|15%||10% (without indexation benefit on LTCG exceeding 1 lakhs)|
STCG- Units held for less than 3 years
LTCG- Units held for 3 or more than 3 years
|As per individuals’ tax bracket||20% (with indexation)|
The Finance Act 2017 had inserted a new clause (x) in sub-section (2) of section 56 so as to provide that where any person receives/invests in immovable property:
Likewise, where any person invests in/receives any property other than immovable property (shares/securities etc.) –
Fair Market Value (FMV) of Listed/Quotes Shares & Securities is the quoted price in the recognized stock exchange.
FMV of unquoted equity shares = (A+B+C+D-L) x PV/PE, where
A – Book value of all the assets (except those mentioned at B, C and D below) as reduced by income tax paid (net of refund) and unamortised deferred expenditure
B – Fair market value of jewellery and artistic work based on the valuation report of a registered valuer
C – Fair market value of shares or securities as determined according Rule 11UA of Income Tax Rules.
D – Stamp duty valuation in respect of any immovable property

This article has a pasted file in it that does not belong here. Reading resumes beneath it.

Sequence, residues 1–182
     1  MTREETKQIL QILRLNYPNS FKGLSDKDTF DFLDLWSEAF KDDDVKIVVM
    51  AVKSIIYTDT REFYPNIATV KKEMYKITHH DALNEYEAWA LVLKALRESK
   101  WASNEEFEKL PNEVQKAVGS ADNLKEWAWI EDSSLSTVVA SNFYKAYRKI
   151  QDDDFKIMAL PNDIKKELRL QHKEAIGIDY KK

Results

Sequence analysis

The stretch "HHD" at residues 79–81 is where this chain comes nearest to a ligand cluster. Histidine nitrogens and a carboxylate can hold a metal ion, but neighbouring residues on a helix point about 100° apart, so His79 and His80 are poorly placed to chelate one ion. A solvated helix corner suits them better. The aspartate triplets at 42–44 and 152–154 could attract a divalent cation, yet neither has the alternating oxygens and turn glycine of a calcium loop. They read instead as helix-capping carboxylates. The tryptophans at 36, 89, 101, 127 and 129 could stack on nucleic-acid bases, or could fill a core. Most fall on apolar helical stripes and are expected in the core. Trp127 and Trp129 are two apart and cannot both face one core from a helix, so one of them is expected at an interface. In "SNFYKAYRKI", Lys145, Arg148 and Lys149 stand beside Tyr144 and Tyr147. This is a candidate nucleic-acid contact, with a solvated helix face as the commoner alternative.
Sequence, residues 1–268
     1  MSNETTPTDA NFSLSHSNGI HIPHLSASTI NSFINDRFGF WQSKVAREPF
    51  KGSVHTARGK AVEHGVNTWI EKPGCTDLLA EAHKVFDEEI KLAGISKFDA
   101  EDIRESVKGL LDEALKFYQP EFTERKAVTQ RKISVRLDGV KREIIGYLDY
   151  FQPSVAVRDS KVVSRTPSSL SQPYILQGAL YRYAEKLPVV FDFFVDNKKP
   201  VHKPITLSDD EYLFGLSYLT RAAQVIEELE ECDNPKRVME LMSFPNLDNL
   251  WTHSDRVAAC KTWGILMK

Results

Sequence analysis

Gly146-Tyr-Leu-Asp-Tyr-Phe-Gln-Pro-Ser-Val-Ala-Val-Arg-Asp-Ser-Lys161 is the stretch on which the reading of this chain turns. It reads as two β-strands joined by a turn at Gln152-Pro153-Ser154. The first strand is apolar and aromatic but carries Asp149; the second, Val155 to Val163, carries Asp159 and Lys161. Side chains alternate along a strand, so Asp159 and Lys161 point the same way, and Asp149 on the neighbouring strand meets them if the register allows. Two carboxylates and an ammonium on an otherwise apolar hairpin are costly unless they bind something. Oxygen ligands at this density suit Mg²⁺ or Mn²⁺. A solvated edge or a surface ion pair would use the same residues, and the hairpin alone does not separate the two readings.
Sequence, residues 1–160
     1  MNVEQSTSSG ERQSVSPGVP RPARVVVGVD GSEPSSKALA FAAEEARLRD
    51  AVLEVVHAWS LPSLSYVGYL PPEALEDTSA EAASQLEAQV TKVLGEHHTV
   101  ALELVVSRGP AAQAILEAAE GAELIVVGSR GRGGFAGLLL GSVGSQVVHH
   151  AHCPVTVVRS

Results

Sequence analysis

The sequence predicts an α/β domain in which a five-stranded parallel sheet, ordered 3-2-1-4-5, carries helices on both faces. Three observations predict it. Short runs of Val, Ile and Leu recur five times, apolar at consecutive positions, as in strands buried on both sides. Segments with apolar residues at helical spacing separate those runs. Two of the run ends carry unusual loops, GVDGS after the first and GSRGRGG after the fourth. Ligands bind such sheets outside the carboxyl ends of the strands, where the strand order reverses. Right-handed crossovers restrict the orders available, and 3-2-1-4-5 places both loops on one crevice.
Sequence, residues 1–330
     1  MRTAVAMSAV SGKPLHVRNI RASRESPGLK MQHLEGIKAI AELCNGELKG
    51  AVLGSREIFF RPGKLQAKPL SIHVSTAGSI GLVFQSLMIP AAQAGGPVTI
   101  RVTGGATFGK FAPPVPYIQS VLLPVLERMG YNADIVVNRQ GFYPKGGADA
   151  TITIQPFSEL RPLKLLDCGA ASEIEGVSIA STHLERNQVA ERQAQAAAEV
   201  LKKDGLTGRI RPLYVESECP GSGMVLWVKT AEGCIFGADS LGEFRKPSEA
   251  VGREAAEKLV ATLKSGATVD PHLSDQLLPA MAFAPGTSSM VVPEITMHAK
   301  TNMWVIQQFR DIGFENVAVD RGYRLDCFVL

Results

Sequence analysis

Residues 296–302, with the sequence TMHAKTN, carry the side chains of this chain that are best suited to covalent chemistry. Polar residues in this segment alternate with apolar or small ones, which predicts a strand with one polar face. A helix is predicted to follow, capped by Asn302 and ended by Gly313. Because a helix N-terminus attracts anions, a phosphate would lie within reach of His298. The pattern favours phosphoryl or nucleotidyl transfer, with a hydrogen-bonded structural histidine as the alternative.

L – Book value of liabilities, excluding paid up equity share capital, amount set apart for undeclared dividend, reserves and surplus, provision for tax, provisions for unascertained liabilities and contingent liabilities
PV – Paid up value of equity shares
PE – Total amount of paid up equity share capital as shown in the balance sheet.
Dividend stripping is an attempt to reduce the tax liability, by an investor, who invests in securities (i.e. shares, stock or debentures etc.) and units (Mutual fund units or units of UTI), shortly before the record date and getting a tax free dividend/income, and exiting after the record date at a price lower than the price at which, such securities/units were purchased and incurring a short-term capital loss. The strategy behind dividend stripping is a two way strategy wherein- Investor gets tax free dividend (i.e. exempted u/s 10(34)/10(35)) Incurs Short term capital loss (i.e. allowed to be set off and carry forward). Record date is the Date fixed by a company or mutual funds for the purpose of entitlement of holders of securities or units, to receive dividend or other income.
In order to curb the aforesaid malpractice, provisions of Section 94(7) had been inserted.
Conditions to be satisfied to attract the provisions of section 94(7):
|Buying or Acquiring||Within a period of 3 months prior to the Record Date||Within a period of 3 months prior to the Record Date|